• medicalMedical Properties

    • Diuretic effect - traditionally used to promote the production of urine.
    • Carminative properties - may help relieve flatulence and soothe the digestive tract.
    • Antispasmodic - potential to alleviate spasms or cramps in the muscles.
    • Expectorant - believed to aid in expelling mucus from the respiratory tract.
    • Aromatic bitter - can stimulate the appetite and aid digestion through its bitter taste.
    • Antiseptic - historically used for its potential to prevent the growth of microorganisms.

  • windAir-purifying Qualities

    This plant is not specifically known for air purifying qualities.

  • leavesOther Uses

    • As a flavoring agent: Baldmoney's root has a distinct and aromatic flavor, which can be used much like angelica in flavoring liquors and confectionery.
    • In perfumery: Due to its aromatic properties, Baldmoney can be used in the manufacturing of perfumes, providing a unique and natural scent.
    • Insect repellent: It is believed that the aroma of Baldmoney may be unpleasant to certain insects, thus acting as a natural deterrent.
    • Decorative dried flowers: Baldmoney's flowers can be dried and used in potpourri mixtures or as part of decorative arrangements in homes.
    • Garden ornamental: This plant can be cultivated purely for its aesthetic appeal in a garden setting, especially for its feathery foliage and umbrella-like flowers.
    • In culinary as a herb: The leaves of baldmoney are sometimes used in cooking, similar to how one would use parsley or other aromatic herbs.
    • As a natural dye: The root of baldmoney can be used to create a natural dye for textiles, although the color and permanence vary.
    • As a companion plant: Baldmoney may be planted among other crops to enhance garden biodiversity, and potentially to deter common pests with its unique smell.
    • Soil improvement: When planted, it can contribute to the overall health of the garden soil, much like other herbs, by promoting a diverse soil ecology.
    • Educational purposes: Baldmoney can be used in educational settings such as botanical gardens or natural science programs to teach about native European flora.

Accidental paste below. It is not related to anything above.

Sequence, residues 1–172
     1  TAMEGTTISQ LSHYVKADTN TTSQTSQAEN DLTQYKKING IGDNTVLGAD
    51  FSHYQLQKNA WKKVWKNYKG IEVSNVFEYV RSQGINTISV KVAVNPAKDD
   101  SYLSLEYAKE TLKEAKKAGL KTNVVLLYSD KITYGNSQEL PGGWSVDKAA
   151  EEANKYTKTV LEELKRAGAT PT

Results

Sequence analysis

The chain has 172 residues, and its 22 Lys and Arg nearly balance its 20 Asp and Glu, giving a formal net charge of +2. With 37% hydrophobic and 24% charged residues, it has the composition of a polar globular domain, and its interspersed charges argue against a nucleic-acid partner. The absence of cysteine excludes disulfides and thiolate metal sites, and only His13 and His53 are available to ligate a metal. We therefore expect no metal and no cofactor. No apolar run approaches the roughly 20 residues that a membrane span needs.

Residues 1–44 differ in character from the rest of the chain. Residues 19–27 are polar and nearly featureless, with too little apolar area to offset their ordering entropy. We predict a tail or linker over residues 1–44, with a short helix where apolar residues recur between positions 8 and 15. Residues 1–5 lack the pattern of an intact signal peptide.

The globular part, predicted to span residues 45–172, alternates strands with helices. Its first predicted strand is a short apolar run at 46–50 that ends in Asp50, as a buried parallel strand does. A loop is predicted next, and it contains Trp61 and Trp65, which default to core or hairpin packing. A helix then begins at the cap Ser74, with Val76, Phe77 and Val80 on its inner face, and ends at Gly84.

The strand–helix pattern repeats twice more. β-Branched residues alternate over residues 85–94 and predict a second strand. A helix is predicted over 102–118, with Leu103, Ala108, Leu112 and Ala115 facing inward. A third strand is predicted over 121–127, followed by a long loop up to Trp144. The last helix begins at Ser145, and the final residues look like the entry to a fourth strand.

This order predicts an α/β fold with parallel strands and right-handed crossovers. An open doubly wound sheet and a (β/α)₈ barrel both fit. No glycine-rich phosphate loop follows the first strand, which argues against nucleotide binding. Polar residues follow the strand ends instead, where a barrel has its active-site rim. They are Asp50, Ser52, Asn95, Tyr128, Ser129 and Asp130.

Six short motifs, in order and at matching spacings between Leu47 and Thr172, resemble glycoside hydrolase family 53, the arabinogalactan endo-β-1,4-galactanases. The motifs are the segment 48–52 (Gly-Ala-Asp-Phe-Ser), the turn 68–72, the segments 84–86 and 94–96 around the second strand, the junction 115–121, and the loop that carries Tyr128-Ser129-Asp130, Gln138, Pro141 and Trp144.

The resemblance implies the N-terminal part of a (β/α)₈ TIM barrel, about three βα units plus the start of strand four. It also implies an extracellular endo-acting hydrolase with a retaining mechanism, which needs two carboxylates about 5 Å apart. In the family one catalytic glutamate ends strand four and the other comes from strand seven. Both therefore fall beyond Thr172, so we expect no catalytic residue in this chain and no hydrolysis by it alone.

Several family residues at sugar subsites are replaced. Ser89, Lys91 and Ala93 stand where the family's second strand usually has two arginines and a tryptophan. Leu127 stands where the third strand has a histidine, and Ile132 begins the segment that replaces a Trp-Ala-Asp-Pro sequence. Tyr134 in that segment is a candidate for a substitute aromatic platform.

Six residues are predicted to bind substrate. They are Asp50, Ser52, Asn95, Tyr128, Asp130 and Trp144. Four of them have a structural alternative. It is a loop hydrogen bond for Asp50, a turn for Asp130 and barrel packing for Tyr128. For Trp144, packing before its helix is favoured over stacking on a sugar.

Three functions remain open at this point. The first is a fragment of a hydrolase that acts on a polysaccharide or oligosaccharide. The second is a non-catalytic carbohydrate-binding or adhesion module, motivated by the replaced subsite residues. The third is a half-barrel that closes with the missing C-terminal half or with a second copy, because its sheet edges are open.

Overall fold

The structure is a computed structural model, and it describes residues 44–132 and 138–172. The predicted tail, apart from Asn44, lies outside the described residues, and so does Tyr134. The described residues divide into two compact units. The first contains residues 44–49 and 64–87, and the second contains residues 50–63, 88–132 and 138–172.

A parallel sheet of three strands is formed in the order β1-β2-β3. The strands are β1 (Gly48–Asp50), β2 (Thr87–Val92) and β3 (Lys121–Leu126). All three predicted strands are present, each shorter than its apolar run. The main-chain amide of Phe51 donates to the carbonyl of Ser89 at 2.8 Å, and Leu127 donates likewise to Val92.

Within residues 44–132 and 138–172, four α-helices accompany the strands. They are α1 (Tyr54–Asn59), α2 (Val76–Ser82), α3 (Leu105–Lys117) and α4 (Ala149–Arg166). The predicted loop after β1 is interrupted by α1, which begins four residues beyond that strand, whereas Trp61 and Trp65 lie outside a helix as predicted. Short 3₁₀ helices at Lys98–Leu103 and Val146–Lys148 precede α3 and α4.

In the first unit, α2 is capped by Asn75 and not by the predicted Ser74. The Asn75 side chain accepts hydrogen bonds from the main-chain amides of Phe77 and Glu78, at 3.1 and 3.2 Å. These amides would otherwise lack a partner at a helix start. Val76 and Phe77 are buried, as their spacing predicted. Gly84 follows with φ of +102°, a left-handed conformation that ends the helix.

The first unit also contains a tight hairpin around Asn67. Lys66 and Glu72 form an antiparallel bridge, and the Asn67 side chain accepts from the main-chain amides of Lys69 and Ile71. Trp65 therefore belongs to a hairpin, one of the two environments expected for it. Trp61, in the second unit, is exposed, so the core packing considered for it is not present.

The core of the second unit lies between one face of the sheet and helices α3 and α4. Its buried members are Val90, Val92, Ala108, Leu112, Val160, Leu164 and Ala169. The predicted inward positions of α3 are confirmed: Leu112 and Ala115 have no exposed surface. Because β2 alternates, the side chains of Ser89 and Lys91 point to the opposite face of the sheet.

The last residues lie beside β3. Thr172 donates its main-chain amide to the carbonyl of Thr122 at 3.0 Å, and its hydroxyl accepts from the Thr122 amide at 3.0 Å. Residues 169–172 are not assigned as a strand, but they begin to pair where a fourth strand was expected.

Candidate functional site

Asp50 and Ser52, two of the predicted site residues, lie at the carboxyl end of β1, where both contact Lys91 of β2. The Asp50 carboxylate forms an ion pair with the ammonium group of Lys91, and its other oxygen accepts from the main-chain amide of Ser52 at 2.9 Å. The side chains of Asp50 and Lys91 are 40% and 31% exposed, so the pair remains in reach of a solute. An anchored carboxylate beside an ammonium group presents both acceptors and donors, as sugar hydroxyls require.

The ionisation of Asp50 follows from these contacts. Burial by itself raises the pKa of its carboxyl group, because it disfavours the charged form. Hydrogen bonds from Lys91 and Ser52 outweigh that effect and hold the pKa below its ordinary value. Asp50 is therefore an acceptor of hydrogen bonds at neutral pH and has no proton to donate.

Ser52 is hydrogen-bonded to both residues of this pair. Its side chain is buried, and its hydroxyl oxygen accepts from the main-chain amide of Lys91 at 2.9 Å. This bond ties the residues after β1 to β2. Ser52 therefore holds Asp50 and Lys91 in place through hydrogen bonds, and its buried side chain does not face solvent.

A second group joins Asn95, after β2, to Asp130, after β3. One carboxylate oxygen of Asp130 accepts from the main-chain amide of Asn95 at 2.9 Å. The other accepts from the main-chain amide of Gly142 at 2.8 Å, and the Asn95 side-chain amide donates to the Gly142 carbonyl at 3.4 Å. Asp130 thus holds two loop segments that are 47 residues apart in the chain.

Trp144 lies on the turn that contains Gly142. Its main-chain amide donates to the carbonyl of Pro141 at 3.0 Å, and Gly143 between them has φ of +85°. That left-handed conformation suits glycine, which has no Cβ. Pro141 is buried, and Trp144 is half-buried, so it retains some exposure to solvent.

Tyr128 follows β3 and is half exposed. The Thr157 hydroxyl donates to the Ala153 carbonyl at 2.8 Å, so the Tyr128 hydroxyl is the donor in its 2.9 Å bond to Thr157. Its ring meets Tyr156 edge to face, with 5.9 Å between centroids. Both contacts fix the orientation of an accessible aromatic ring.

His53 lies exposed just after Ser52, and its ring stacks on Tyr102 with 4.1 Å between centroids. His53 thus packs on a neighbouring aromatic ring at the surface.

Interesting Facts

  • bedFeng Shui

    The plant Meum athamanticum, commonly known as Spignel, is not used in Feng Shui practice.

  • aquariusZodiac Sign Compitability

    The plant Spignel is not used in astrology practice.

  • spiralPlant Symbolism

    • Purity: Meum athamanticum, commonly known as Spignel, is often associated with purity due to its clean, bright white flowers which can represent innocence and cleanliness.
    • Protection: Spignel has historically been used in herbal medicine to treat various ailments. This medicinal use imbues it with a connotation of protection and safety against harm and disease.
    • Healing: With its uses in traditional remedies, Spignel symbolizes healing, both physical and emotional, reminding one of nature’s role in health and recovery.
    • Love and Affection: In certain cultures, giving Spignel could signify a gesture of deep affection and the desire to care for someone, similar to how other plants are used to convey different facets of love.
    • Longevity: Due to the hardy nature of the plant and its resistance to harsh conditions, Spignel may represent long life and endurance.

Every 1-2 weeks
2500 - 10000 Lux
Every 2-3 years
Spring to Summer
As needed
  • water dropWater

    The common name for Meum athamanticum is Spignel, and it should be watered thoroughly, allowing the soil to dry out slightly between waterings. Overhead watering is not recommended as it can encourage disease; instead, water at the base of the plant. For mature plants, water with about one gallon every week during the growing season, adjusting for precipitation and temperature, ensuring the soil is moist but not waterlogged. During the winter, reduce watering to every few weeks depending on the plant's environment and soil dryness.